5
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Let $S_1,S_2,\dots,S_k$ be subsets of the set $S=\{1,2,\dots,n\}$, not necessarily distinct. We will color each element of $S$ red, green, or blue. From this coloring, each set $S_i$ will receive one or more color according to the following rule:

Let $r_i,g_i,b_i$ denote the number of red, green, and blue elements of $S_i$, respectively, and let $m_i=\max(r_i,g_i,b_i)$. If $r_i\geq m_i-1$, we give the color red to $S_i$. Similarly for green and blue.

What is the maximum constant $d$ for which we can always color the elements of $S$ in such a way that for any color, at least a fraction $d$ of the sets $S_i$ receive that color?

An algorithm that starts with a two-coloring and change the color of one element at a time to the third color achieves $d=1/5$, while an example shows that $d=1/3$ is the best one can hope for.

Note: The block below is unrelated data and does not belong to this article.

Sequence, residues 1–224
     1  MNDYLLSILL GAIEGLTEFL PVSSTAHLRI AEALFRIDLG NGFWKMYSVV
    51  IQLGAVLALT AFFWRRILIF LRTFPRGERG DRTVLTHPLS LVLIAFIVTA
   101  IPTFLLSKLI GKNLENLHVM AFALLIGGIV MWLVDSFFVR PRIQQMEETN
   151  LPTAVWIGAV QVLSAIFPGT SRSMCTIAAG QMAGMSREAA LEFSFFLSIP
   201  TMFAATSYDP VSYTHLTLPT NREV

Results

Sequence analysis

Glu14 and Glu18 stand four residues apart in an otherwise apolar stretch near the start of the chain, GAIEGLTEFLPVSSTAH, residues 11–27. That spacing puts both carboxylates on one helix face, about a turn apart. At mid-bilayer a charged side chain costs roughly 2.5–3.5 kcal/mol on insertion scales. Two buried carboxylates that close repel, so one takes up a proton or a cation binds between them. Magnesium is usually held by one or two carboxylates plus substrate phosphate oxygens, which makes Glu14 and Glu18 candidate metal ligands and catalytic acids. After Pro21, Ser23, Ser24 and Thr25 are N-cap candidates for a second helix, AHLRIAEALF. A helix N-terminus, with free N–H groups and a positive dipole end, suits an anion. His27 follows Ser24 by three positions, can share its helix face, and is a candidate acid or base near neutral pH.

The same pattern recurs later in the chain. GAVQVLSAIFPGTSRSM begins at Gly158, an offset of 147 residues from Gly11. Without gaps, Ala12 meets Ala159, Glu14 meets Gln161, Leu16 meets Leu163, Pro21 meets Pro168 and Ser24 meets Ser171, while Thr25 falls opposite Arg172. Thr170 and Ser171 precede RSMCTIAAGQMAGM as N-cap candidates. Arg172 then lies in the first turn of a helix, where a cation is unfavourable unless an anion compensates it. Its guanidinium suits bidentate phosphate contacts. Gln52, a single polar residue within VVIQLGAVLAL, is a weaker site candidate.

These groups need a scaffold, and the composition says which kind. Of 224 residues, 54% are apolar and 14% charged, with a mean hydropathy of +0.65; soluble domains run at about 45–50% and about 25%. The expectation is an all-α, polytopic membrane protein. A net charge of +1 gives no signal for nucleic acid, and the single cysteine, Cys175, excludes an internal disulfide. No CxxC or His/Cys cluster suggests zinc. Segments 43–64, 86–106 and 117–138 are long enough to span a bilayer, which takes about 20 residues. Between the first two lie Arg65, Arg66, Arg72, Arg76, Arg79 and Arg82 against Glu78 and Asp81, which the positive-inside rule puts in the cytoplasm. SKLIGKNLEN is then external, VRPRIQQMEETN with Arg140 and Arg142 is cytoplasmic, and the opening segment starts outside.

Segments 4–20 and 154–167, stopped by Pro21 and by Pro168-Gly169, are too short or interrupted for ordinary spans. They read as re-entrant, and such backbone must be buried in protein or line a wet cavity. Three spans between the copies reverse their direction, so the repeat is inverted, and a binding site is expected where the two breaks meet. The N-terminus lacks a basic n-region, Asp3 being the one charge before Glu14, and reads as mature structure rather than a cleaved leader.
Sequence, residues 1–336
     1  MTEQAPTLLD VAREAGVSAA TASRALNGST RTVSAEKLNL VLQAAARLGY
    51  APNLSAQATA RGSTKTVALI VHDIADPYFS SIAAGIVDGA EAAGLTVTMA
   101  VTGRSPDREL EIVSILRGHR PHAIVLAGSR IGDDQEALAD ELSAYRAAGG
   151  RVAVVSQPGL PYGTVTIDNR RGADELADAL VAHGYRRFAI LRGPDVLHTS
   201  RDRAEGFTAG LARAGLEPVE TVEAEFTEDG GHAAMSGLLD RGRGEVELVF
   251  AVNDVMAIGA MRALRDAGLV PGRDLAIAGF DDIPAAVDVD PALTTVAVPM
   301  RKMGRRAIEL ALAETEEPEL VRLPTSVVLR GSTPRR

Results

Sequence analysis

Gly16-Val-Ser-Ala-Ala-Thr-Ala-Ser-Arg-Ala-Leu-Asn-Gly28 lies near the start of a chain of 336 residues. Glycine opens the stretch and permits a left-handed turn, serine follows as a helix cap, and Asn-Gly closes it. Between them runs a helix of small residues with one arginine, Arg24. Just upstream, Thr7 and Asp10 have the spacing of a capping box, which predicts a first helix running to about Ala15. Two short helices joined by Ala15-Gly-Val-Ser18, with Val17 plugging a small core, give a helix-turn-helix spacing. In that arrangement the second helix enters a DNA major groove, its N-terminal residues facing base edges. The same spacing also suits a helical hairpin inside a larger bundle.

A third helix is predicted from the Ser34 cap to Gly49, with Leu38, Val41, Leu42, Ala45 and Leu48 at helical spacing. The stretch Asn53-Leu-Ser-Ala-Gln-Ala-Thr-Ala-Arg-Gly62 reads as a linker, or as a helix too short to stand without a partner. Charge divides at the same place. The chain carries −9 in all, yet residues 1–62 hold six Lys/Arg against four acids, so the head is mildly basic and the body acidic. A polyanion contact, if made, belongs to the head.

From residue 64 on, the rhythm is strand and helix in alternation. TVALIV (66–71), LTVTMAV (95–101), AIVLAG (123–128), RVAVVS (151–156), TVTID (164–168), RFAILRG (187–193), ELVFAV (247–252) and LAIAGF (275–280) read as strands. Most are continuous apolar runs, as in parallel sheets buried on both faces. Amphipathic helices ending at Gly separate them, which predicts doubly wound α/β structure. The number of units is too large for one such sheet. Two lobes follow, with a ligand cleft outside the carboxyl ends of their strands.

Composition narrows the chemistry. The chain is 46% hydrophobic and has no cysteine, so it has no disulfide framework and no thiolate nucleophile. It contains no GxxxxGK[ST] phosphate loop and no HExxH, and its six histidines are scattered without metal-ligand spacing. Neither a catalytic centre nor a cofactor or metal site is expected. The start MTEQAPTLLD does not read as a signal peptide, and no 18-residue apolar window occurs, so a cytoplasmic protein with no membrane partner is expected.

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  • $\begingroup$ Looks like you are quite desperate to get an answer: you asked the question just two days ago and already put a bounty on it :lol: Let people think a bit ;-). I'm betting on 1/3 with some stupid algorithm of the sort "keep three balls in the bank, award one to the color that cannot get rich from that (i.e. would not get a true maximum in $\ge k/3$ sets) and then take one ball from a rich color to fill the bank. If no such award is possible, distribute the bank in any way and you are done". Unfortunately, I cannot prove termination and am not even sure if no extra twists are needed. $\endgroup$ – fedja Nov 21 '17 at 21:37
  • $\begingroup$ Why 3 colors, what happens for 2? Why $r_i\ge m_i-1$, what happens for $r_i\ge m_i$? $\endgroup$ – domotorp Nov 22 '17 at 8:02
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    $\begingroup$ @domotorp Both of those cases are easy. For 2 the optimal d is 1/2. For $r_i\geq m_i$ it is 0 (e.g. n=1). $\endgroup$ – Karo Nov 22 '17 at 9:36
  • $\begingroup$ Are you familiar with the methods used e.g. in this paper? arxiv.org/abs/1704.02921 $\endgroup$ – domotorp Nov 22 '17 at 10:19